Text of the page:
Saturday, February 22, 2020

Get a Grip, Vivy Cohen!

Kapit, Sarah. Get a Grip, Vivy Cohen!
February 25th 2020 by Dial Books
E ARC provided by Edelweiss Plus

Vivy really wants to play baseball like V.J. Capello, whom she once met and who taught her how to throw a knuckleball. Her mother, however, is apprehensive. She doesn't think that baseball is safe for girls, and is concerned about how Vivy will do on the field, since she is on the Autism spectrum and occasionally struggles with talking to others and dealing with unaccustomed stimuli. Her social skills teacher has her write letters in order to help her learn to communicate with others, and she decides to write to Capello. The two eventually exchange letters and even start to correspond through e mail, after checking with her parents about it. She does fairly well on the team, although the coach's son Kyle is very mean to her. Alex, the catcher, befriends her and helps her out. When she is hit by a baseball and suffers a concussion, her mother is against her playing, and Vivy talks to Capello about her problems. Her older brother Nate is more distant than usual, and Vivy finds out it is because he is dating a boy on his baseball but is afraid of what their parents will say. Vivy is eventually cleared to play, convinces her mother that she will be okay, gets help dealing with Kyle, and continues to write to Capello after clearing up a misunderstanding.
Strengths: I liked that even though Vivy's mother was against her playing baseball, the coach and the father didn't think it odd at all, and some recent girls who played baseball are mentioned. Alex is a kind teammate who does all he can to support Vivy. The sub plot with the brother was interesting and showed a positive family interaction. It is good to see an #ownvoices narrative!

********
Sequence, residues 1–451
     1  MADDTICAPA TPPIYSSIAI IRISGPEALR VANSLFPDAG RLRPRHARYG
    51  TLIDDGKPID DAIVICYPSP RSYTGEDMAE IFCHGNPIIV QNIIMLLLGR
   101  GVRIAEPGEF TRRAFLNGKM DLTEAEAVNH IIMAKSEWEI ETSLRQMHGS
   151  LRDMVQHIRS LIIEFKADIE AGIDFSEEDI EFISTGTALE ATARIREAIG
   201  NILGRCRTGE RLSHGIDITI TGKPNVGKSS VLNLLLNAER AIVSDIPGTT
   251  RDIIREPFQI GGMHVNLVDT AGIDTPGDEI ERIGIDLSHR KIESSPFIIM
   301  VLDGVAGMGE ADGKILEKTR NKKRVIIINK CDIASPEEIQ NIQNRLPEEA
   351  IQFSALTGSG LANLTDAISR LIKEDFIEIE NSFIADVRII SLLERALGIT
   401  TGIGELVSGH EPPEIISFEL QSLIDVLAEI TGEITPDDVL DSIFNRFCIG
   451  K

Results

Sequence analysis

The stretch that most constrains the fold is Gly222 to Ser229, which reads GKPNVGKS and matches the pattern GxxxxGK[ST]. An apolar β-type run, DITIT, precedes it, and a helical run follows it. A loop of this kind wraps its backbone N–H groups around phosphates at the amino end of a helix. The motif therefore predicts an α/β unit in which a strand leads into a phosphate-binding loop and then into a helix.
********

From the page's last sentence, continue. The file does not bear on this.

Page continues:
Weaknesses: It seemed odd that Kyle was so mean when his father was so supportive, and that he was able to get away with it. I've coached a number of runners on the autism spectrum, and the teams were always understanding of their differences. Vivy's behavior on the field is not that unusual, and nothing like some of the meltdowns that I have seen during meets! My school has an Autism unit, so perhaps our students are more aware.
What I really think: This is not as much as a baseball story as I was hoping; more of it deals with Vivy's difficulties. I also found that the letter writing stretched my credulity. Since epistolatory novels don't do well in my library, I'm debating.

Simon, Coco. Sugar, Spice, and Sprinkles (Sprinkle Sundays Book 9)
February 4th 2020 by Simon Spotlight
Library copy

Sierra is tired of always being considered "sweet", even though she does like to help out her friends. When she is on a Spirit Week committee and some of the members get mean about the school that Allie now attends, Sierra manages to finally stand up for herself. There is also, of course, a lot of ice cream.

This is a super fun series, but I hope it doesn't go as long as the Cupcake Diaries. I think I stopped at #22 with those, and only because I got the last eight on clearance from Reading Warehouse. Will probably stop with #10 on this Sprinkle Sundays series. Had my public or school library had these when I was ten, I would have read one every single day!
Ms. Yingling

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